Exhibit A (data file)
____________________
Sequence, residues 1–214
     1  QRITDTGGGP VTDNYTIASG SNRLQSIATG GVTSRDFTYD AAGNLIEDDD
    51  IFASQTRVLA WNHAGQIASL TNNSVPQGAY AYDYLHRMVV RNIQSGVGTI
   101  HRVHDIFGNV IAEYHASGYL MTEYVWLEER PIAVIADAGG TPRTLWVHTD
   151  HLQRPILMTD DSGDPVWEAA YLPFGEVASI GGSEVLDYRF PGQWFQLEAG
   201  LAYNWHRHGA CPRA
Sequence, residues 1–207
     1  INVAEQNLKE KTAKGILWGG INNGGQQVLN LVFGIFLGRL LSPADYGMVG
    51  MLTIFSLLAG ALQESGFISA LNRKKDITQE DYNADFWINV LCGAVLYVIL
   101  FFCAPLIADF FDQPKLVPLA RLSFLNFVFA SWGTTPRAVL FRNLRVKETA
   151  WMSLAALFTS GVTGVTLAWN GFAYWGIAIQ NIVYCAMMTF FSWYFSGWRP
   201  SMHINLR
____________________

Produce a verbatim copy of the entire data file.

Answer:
Sequence, residues 1–214
     1  QRITDTGGGP VTDNYTIASG SNRLQSIATG GVTSRDFTYD AAGNLIEDDD
    51  IFASQTRVLA WNHAGQIASL TNNSVPQGAY AYDYLHRMVV RNIQSGVGTI
   101  HRVHDIFGNV IAEYHASGYL MTEYVWLEER PIAVIADAGG TPRTLWVHTD
   151  HLQRPILMTD DSGDPVWEAA YLPFGEVASI GGSEVLDYRF PGQWFQLEAG
   201  LAYNWHRHGA CPRA
Sequence, residues 1–207
     1  INVAEQNLKE KTAKGILWGG INNGGQQVLN LVFGIFLGRL LSPADYGMVG
    51  MLTIFSLLAG ALQESGFISA LNRKKDITQE DYNADFWINV LCGAVLYVIL
   101  FFCAPLIADF FDQPKLVPLA RLSFLNFVFA SWGTTPRAVL FRNLRVKETA
   151  WMSLAALFTS GVTGVTLAWN GFAYWGIAIQ NIVYCAMMTF FSWYFSGWRP
   201  SMHINLR